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Neurochem Res. 2013 Nov;38(11):2295-304. doi: 10.1007/s11064-013-1138-5. Epub 2013 Aug 29.

Microglial TNF-α-dependent elevation of MHC class I expression on brain endothelium induced by amyloid-beta promotes T cell transendothelial migration.

Author information

1
Department of Developmental Cell Biology, Key Laboratory of Cell Biology, Ministry of Public Health and Key Laboratory of Medical Cell Biology, Ministry of Education, China Medical University, 92 Bei Er Road, Heping District, Shenyang, 110001, China.

Abstract

The blood-brain barrier (BBB) normally bars peripheral T lymphocytes from entering the cerebrum. Interestingly, activated T cells exist as infiltrates in the brains of Alzheimer's disease (AD) patients, but little is known about the mechanisms involved. In this study, we observed significantly higher MHC class I expression in rat brain endothelial cells compared with controls following the induction of experimental AD models. An in vitro BBB model, which was constructed with human brain microvascular endothelial cells, was established to study the mechanisms underlying the transendothelial migration of T cells. Using in vitro studies, we demonstrated that secretion of TNF-α from Aβ1-42-treated BV2 microglia contributes to the elevated expression of MHC class I on the brain microvessel endothelium. Transmigration assays and adhesion assays confirmed that the upregulation of MHC class I molecules was associated with T cell transendothelial migration. MHC class I knock-down in HBMECs significantly attenuated the migratory and adhesive capability of the T cells. Interestingly, a TNF-α neutralizing antibody effectively blocked the transendothelial migration of T cells triggered by treatment with the supernatant from Aβ1-42-treated BV2 microglia. We propose that microglia-derived TNF-α upregulates MHC class I molecule expression on brain endothelial cells, which represents a mechanism of T cell migration into the brain. This study may provide a new insight into the potential pathomechanism of Alzheimer's disease.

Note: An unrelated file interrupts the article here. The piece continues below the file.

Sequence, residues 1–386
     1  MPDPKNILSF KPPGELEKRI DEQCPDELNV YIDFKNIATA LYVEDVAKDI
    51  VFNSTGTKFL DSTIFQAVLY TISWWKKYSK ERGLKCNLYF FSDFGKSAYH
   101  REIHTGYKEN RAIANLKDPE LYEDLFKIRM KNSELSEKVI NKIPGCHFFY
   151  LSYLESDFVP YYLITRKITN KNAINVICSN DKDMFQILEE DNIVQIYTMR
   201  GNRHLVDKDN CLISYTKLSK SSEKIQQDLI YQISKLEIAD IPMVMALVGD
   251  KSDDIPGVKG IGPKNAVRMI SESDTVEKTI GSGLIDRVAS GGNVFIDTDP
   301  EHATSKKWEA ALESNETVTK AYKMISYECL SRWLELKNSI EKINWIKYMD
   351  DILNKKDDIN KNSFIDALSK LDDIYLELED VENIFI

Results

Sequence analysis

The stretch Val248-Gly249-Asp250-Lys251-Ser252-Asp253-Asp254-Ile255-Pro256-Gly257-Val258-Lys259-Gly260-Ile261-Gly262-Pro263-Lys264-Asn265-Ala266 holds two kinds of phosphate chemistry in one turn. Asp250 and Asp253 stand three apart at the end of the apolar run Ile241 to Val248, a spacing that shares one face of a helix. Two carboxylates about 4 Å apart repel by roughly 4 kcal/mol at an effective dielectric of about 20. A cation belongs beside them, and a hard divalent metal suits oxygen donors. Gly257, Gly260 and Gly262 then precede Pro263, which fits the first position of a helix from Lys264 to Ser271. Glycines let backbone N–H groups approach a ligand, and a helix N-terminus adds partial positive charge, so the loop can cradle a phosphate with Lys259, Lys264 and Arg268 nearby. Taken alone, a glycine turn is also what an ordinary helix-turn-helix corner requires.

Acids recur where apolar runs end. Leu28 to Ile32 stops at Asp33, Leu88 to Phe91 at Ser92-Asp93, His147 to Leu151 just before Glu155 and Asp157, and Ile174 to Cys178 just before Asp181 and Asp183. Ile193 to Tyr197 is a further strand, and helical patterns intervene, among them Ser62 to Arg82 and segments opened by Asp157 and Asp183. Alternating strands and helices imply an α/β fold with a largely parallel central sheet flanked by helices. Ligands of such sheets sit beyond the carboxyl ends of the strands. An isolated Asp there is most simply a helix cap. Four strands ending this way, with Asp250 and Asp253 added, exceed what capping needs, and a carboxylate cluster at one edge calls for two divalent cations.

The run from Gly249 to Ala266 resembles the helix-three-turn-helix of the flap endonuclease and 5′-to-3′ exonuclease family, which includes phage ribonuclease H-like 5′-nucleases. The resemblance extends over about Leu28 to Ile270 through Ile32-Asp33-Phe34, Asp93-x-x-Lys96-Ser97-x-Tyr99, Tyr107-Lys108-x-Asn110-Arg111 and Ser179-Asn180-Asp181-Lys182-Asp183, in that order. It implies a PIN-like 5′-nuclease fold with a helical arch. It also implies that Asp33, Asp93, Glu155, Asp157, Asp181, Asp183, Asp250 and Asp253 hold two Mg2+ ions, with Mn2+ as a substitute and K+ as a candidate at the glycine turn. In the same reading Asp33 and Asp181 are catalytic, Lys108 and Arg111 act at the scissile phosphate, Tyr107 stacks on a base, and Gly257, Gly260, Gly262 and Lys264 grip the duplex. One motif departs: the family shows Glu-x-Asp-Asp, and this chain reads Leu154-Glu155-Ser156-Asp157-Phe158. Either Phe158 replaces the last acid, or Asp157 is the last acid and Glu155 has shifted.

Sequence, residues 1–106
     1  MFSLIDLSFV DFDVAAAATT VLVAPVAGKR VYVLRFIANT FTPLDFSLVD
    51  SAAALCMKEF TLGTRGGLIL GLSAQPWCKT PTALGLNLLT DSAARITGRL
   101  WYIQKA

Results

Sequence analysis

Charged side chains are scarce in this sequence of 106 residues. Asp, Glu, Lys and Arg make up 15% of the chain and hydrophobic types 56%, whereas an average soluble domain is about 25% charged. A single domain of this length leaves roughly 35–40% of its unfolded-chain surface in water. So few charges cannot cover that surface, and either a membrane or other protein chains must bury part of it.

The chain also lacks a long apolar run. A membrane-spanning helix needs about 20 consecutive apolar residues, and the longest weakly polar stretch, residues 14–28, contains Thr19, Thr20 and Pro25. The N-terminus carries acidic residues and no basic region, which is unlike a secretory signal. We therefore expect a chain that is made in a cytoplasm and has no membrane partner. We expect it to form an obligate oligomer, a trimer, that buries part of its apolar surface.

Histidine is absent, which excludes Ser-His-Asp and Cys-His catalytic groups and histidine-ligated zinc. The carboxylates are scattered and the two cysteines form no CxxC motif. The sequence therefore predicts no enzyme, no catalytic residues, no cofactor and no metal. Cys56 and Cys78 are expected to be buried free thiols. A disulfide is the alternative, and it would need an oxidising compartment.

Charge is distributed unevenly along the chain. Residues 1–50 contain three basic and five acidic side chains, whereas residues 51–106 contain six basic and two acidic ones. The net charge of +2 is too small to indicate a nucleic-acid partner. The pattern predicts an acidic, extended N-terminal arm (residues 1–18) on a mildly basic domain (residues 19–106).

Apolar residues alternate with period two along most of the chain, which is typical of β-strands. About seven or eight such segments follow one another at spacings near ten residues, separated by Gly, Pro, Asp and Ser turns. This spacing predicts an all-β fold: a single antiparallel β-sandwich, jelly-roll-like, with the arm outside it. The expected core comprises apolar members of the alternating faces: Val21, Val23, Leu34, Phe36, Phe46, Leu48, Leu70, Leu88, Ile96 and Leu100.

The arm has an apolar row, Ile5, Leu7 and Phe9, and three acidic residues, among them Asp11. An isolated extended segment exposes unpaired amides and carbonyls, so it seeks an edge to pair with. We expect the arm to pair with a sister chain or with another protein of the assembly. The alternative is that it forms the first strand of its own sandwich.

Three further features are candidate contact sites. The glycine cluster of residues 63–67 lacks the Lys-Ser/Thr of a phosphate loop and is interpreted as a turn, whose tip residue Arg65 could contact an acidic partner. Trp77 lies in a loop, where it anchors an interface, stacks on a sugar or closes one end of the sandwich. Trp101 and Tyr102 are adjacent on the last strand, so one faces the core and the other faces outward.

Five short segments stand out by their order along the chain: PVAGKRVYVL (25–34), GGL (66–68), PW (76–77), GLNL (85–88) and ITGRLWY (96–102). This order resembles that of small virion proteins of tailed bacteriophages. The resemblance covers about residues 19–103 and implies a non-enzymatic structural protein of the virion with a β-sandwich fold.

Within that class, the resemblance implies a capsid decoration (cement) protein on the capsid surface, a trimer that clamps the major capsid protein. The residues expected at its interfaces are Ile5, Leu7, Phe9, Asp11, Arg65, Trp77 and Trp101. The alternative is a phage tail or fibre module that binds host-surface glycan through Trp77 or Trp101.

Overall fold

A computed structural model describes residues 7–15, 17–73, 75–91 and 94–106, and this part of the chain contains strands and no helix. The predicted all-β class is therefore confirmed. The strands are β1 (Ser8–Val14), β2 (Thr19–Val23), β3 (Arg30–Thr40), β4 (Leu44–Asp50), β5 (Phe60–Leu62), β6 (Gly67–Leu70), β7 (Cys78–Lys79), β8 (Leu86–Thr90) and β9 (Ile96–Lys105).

PMID:
23990225
DOI:
10.1007/s11064-013-1138-5
[Indexed for MEDLINE]

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